A new vision has been created for a 36-acre park site on South Hill that in earlier years was home for one of America’s most popular outdoor religious dramas. The site now known as Meridian Habitat Park and Community Center is to become home for a Boys & Girls Club HOPE Center pending a successful fund-raising effort, according to Pierce County officials.
The site at 144th and Meridian will continue to be owned by Pierce County Parks and Recreation and will include a senior center and community recreation facilities. Pierce County Executive John W. Ladenburg and CEO Rick Guild of Boys & Girls Clubs of South Puget Sound signed a 25-year lease agreement recently as a first step to the fund-raising activities.
“The Habitat Park site has been a focal point on South Hill for years, and now it will be even more so,” said Councilmember Calvin Goings. “A Boys & Girls Club HOPE Center at an already beautiful park will create a true gathering place for the entire South Hill community.”
Parks and Recreation Director Kathy Kravit-Smith said the agreement results from a shared vision that will bring new parks and recreation opportunities to the community. “Our department’s goal is to help children find positive recreational experiences and to develop lasting friendships and life skills. The Boys and Girls Clubs has a reputation for doing just that. It’s a pleasure to work with an organization that is dedicated to partnering to provide these kind of community opportunities,” she said.
Guild said the Meridian facility will be similar to Lakewood’s Gary and Carol Milgard Family HOPE (Hope, Opportunity, Possibilities and Empowerment) Center and to the planned Jim and Carol Milgard Family HOPE Center in Gig Harbor. “Family services will be the focus in all of our HOPE Center projects,” Guild said. “Collaborations and partnerships are a valuable commodity in that they allow for shared use and shared expenses for facilities and programs. The partnership with Pierce County Parks and Recreation will ensure that the facility is being used to its maximum.”
The Tacoma-Pierce County Health Department has expressed interest in partnering on the Meridian Habitat Park project. Its Family Support program has been a valuable resource at the Lakewood Hope Center, Guild said.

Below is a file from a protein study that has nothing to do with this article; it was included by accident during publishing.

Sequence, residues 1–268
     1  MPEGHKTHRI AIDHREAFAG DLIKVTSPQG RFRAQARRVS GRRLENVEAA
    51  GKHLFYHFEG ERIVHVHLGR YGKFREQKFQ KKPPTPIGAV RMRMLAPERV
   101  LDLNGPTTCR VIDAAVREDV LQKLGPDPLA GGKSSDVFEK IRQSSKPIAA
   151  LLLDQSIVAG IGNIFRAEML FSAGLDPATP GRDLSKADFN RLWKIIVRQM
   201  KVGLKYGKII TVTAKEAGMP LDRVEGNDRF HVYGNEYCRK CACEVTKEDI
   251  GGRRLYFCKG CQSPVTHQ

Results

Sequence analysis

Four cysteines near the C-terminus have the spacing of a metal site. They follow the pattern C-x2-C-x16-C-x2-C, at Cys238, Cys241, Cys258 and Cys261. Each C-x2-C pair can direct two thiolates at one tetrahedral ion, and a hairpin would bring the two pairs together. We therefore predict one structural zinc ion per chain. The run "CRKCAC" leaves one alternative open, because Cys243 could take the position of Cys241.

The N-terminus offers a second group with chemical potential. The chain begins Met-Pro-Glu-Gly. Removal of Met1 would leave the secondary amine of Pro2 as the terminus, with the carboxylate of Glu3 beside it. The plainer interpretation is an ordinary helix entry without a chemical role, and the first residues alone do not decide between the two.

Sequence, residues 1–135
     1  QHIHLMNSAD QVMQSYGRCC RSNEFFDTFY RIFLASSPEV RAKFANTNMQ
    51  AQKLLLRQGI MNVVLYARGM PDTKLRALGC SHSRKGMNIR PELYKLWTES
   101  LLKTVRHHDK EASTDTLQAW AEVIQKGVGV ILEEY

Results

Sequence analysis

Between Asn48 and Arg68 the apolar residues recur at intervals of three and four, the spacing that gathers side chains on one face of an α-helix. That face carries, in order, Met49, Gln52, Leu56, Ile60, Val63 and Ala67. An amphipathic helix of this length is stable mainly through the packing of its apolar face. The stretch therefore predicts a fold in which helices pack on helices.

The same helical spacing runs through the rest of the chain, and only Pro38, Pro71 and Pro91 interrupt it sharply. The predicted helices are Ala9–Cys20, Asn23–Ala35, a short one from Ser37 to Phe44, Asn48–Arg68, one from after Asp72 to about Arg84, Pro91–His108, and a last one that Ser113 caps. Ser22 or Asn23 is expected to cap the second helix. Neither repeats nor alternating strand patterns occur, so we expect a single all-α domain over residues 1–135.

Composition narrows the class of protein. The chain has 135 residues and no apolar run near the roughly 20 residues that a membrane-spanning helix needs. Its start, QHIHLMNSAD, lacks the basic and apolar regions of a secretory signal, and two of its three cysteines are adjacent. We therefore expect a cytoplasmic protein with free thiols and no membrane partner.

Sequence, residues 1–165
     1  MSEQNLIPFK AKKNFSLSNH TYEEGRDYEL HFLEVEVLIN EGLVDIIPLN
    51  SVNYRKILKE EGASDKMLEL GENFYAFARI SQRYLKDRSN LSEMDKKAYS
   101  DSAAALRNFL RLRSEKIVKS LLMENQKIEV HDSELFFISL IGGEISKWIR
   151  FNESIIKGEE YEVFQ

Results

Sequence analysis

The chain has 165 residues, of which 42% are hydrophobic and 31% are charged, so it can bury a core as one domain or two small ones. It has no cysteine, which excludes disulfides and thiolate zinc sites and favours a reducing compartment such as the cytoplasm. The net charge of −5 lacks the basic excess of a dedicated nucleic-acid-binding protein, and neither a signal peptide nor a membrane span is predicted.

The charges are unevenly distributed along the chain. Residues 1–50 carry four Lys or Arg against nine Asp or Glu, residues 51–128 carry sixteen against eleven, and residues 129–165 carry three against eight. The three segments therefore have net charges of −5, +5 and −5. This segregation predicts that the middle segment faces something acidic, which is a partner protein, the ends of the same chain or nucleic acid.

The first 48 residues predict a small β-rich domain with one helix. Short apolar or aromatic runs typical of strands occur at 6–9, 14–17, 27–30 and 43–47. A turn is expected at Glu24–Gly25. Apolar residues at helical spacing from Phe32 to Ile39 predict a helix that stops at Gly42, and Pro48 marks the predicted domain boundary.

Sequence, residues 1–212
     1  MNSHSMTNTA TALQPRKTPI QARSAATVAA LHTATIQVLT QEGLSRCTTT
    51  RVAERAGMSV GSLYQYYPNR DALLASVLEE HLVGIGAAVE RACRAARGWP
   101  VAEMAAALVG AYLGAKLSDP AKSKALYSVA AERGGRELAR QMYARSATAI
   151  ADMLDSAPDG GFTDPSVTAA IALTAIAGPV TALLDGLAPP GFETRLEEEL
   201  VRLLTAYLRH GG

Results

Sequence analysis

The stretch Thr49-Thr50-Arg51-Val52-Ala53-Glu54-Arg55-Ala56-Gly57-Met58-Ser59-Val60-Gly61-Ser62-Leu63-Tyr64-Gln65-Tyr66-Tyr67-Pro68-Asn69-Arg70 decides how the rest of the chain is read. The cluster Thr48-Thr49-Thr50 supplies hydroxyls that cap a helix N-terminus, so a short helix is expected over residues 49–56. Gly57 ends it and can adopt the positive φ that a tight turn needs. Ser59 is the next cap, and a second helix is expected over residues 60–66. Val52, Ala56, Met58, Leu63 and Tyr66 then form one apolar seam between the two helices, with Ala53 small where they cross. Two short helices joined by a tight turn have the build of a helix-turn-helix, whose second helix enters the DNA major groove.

Plans call for demolishing the existing building and replacing it with a 31,000 square foot facility housing the Boys & Girls Club and other community uses. During the day when youth members are in school, the facility would be available to adult community members for programs such as technology, cultural and peforming arts and recreation.
The Boys and Girls Clubs will launch its campaign under the leadership of community members Jerry Korum and Tom Absher this summer to raise $6.5 million for construction, design and project administrations and $5.5 million for five years of operational staffing, endowment, fund development, annual support subsidy, pledge shrinking and indirect cost contingencies. Lease terms allow the organization five years to complete fund-raising efforts.
Boys and Girls Clubs operates four clubs in Tacoma and the Lakewood center. It also serves more than 20 school sites in the Bethel and Franklin Pierce districts. Construction is expected to start this summer on the Gig Harbor HOPE Center.
Meanwhile, Pierce County’s summer parks and recreation programming is progressing at the Meridian Habitat Park. Activities include Kidmobile, Mad Science Camps, Mountain to Sound Eco-Adventure Camp, Arts for Kids Camp, Cooking Camp, Introduction to Drama and Theater, Intermediate-Advanced Drama and Babysitter Training Program. More information is available at (253) 798-4176 or http://www.piercecountywa.org/parks .
Since purchasing the property two years ago Pierce County has provided community center and park offerings including weddings, retreats, receptions, classes, lectures, concerts and picnics. “The grounds have a lovely pond setting,” Kravit-Smith noted.
That setting served a series of church ministries for nearly 40 years, including World Pentecost Church, Meridian Christian Ministries and Covenant Celebration Church/Champions Centre. Using Conservation Futures funds and bond proceeds and a State Community, Trade and Economic Development grant, the Parks and Recreation Department purchased the site in 2006 for $6.9 million.
While it was in church hands, the site’s 3,000-seat amphitheater was the setting for the “Jesus of Nazareth” passion play for more than 20 years ending in 2005. The play, which dramatized the Easter story, drew as many as 29,000 visitors each season.